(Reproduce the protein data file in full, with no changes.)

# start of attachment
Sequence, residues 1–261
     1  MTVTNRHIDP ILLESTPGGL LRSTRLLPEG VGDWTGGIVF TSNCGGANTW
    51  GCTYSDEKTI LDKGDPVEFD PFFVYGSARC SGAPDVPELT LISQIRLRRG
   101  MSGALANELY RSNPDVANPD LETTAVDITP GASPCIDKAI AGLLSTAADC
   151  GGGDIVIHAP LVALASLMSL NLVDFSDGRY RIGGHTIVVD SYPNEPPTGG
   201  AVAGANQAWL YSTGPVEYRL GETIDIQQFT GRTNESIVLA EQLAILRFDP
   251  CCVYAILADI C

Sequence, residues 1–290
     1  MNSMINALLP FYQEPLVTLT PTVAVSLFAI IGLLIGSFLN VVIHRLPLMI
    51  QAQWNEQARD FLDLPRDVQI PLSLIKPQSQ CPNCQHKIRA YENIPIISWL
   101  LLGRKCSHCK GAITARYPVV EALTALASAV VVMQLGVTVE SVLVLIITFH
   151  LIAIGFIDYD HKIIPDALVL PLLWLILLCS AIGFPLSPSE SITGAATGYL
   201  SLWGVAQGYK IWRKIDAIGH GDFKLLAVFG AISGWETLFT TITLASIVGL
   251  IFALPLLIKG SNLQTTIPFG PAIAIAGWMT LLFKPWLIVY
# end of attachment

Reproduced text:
Sequence, residues 1–261
     1  MTVTNRHIDP ILLESTPGGL LRSTRLLPEG VGDWTGGIVF TSNCGGANTW
    51  GCTYSDEKTI LDKGDPVEFD PFFVYGSARC SGAPDVPELT LISQIRLRRG
   101  MSGALANELY RSNPDVANPD LETTAVDITP GASPCIDKAI AGLLSTAADC
   151  GGGDIVIHAP LVALASLMSL NLVDFSDGRY RIGGHTIVVD SYPNEPPTGG
   201  AVAGANQAWL YSTGPVEYRL GETIDIQQFT GRTNESIVLA EQLAILRFDP
   251  CCVYAILADI C

Sequence, residues 1–290
     1  MNSMINALLP FYQEPLVTLT PTVAVSLFAI IGLLIGSFLN VVIHRLPLMI
    51  QAQWNEQARD FLDLPRDVQI PLSLIKPQSQ CPNCQHKIRA YENIPIISWL
   101  LLGRKCSHCK GAITARYPVV EALTALASAV VVMQLGVTVE SVLVLIITFH
   151  LIAIGFIDYD HKIIPDALVL PLLWLILLCS AIGFPLSPSE SITGAATGYL
   201  SLWGVAQGYK IWRKIDAIGH GDFKLLAVFG AISGWETLFT TITLASIVGL
   251  IFALPLLIKG SNLQTTIPFG PAIAIAGWMT LLFKPWLIVY